Yesterday Turkey took the unprecedented step of sending special forces and tanks over its border into Syria, capturing the town of Jarablus that was being held by the Islamic State. The attack, which appears to have been timed to coincide with the arrival of Vice President Joe Biden in Ankara, was no surprise to U.S. officials. American A-10s and F-16s provided cover for the Turkish and Syrian troops on the ground, a U.S. defense official said, and the U.S. was intimately involved in planning and providing intelligence for the operation.
Erdogan made it clear that while the immediate target of the operation was ISIS (which had claimed responsibility for the recent suicide bombing of a wedding in Ganziatep), the broader goal of the incursion was to push back Kurdish forces attempting to create a land bridge between their cantons in Syria’s north.
And lest the message somehow get lost, Turkey sent more tanks over the border today, demanding that Kurdish fighters withdraw to their positions east of the Euphrates. Reuters:
Defence Minister Fikri Isik said preventing the Kurdish PYD party – the political arm of the YPG – from uniting Kurdish cantons east of Jarablus with those further west was a priority.
“Islamic State should be completely cleansed, this is an absolute must. But it’s not enough for us … The PYD and the YPG militia should not replace Islamic State there,” Isik told Turkish broadcaster NTV.
“The PYD’s biggest dream is to unify the western and eastern cantons. We cannot let this happen,” he said.
Turkey is reported to have lobbed some shells over at the Syrian Democratic Forces (SDF), the Kurdish-led grouping of rebel forces that have been the United States’ main partner in its fight against ISIS. Earlier this year, in May, the SDF made a bold push across the Euphrates, capturing the town of Manbij from ISIS. Ankara reportedly acquiesced to the move, having been assured by Washington that the assault would be predominantly Arab-led, and that the Kurds would withdraw their troops once the town was taken.
For its part, the United States appears to be backing the Turks: Defense Minister Isik said that he had been assured by Washington that the Kurdish withdrawal would be complete within the week. The decision by the Washington to go along with Ankara has created some unenviable spin challenges for our diplomats. Here is President Barack Obama’s point man for the anti-ISIS coalition trying valiantly to square a circle:
— Brett McGurk (@brett_mcgurk) August 25, 2016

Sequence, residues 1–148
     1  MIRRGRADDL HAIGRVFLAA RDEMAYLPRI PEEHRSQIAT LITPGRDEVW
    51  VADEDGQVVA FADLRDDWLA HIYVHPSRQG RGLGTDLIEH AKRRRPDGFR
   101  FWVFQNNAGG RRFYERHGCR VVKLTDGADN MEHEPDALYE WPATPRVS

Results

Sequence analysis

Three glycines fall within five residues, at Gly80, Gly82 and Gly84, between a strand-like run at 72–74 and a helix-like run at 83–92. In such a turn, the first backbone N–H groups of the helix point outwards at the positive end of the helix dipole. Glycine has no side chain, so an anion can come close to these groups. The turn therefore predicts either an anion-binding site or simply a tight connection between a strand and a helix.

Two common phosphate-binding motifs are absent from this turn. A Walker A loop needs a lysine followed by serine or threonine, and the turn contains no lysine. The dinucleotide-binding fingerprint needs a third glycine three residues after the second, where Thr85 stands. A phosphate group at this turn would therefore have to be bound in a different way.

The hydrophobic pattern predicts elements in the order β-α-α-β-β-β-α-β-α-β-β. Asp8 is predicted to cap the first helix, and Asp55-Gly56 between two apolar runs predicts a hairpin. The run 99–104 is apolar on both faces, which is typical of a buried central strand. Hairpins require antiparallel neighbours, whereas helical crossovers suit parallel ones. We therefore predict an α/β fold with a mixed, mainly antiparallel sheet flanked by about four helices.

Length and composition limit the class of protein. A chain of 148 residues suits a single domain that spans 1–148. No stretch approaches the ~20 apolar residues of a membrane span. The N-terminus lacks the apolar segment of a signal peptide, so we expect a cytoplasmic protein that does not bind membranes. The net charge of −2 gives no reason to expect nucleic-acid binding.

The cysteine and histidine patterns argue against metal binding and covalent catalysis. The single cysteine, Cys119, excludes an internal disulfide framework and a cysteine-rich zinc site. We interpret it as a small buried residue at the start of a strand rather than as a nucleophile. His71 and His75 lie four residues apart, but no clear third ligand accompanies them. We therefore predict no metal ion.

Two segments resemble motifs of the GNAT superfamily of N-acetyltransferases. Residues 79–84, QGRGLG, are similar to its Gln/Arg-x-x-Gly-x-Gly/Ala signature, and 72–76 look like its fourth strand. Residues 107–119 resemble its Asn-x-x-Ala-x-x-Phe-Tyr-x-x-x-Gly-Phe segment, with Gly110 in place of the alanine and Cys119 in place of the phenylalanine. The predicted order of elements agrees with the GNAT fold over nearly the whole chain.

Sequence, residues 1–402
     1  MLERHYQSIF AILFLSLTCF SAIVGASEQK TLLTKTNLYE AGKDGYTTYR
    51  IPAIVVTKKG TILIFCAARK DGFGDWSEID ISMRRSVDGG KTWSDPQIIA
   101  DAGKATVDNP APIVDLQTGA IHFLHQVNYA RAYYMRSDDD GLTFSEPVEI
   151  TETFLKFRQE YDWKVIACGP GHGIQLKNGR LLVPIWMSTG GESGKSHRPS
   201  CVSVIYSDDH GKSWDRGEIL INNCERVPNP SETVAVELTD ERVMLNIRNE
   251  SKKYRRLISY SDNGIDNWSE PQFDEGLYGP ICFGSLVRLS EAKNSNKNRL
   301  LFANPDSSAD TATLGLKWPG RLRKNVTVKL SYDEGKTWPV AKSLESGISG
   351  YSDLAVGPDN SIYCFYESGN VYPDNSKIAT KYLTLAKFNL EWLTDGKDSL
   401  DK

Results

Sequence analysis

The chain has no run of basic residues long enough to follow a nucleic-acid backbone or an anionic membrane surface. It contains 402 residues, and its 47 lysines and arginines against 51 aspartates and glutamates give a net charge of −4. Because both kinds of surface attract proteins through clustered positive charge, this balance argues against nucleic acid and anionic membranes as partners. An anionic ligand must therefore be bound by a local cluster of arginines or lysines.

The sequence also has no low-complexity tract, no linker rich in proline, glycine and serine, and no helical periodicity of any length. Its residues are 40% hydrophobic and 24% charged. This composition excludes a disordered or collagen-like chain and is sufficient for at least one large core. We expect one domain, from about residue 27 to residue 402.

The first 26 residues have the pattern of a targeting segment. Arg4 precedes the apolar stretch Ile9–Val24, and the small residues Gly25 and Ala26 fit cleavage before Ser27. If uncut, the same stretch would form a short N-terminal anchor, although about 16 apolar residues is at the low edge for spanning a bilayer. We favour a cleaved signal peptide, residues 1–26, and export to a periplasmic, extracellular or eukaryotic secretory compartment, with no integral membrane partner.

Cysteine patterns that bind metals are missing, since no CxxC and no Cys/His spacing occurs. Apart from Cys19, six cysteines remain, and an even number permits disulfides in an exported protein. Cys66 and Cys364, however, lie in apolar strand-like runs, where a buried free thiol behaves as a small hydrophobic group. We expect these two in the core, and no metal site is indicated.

— Brett McGurk (@brett_mcgurk) August 25, 2016
The optics leave much to be desired: here is the United States waffling once again in its support of yet another Middle East ally. And despite Secretary John Kerry’s saying that the Kurds are complying and withdrawing (which might indicate that the Kurds had been consulted on this move ahead of time), Turkey’s Anadolu reports that fights around Manbij are ongoing.
The other dog that didn’t bark is sitting in Moscow. The Kremlin has barely uttered a word about Turkey’s cross-border incursion, merely noting it was “deeply concerned” about the violence. The spokeswoman for the Ministry of Foreign Affairs, Maria Zakharova, stumbled in trying to explain to a foreign journalist that Russia’s response had not, in fact, been “soft”. The Syrian Kurds, who have ties to Moscow going back to Soviet times, have surely taken note.
All this has led analysts to begin to speculate that the beginnings of some kind of understanding over Syria may be coming into focus. Professor Joshua Landis, a keen Syria observer, was cited by a Kurdish news source:
“Turkish President Recep Tayyip Erdogan says that he will not accept normal relations with Damascus so long as Assad is at the helm. All the same, it is clear that Erdogan and his new Prime Minister are looking for ways to transform his relations with Iran and Russia in order to place greater pressure on the Kurds and stop their advance along Syria’s border with Turkey,” Landis told Rudaw English.
“We don’t yet know how much Erdogan will give Russia and Iran on the Syria question, in order to achieve greater pressure on the Kurds. But many are betting that Erdogan’s back peddling on the Syria question has not come to an end,” Landis added.
And, indeed, Turkish officials have in recent days made great efforts to publicize their openness for working more closely with the Russians. One unnamed official said Ankara would be amenable to hosting Russian jets at Incirlik airbase, the same facility that hosts the United States’ nuclear deterrent in Turkey. Ankara also announced the the Russian Chief of the General Staff of the Armed Forces of Russia, Valeriy Gerasimov, would arrive for consultations on Friday (a report that the Russians denied).
Next up to watch: Kerry is set to meet Russian Foreign Minister Sergey Lavrov in Geneva tomorrow. Expectations have been set low, with the best possible predicted outcome being an announcement of some kind of ceasefire for Aleppo. But maybe, with Turkey signaling flexibility on Assad, tomorrow will see movement on other fronts, like the resumption of the peace process.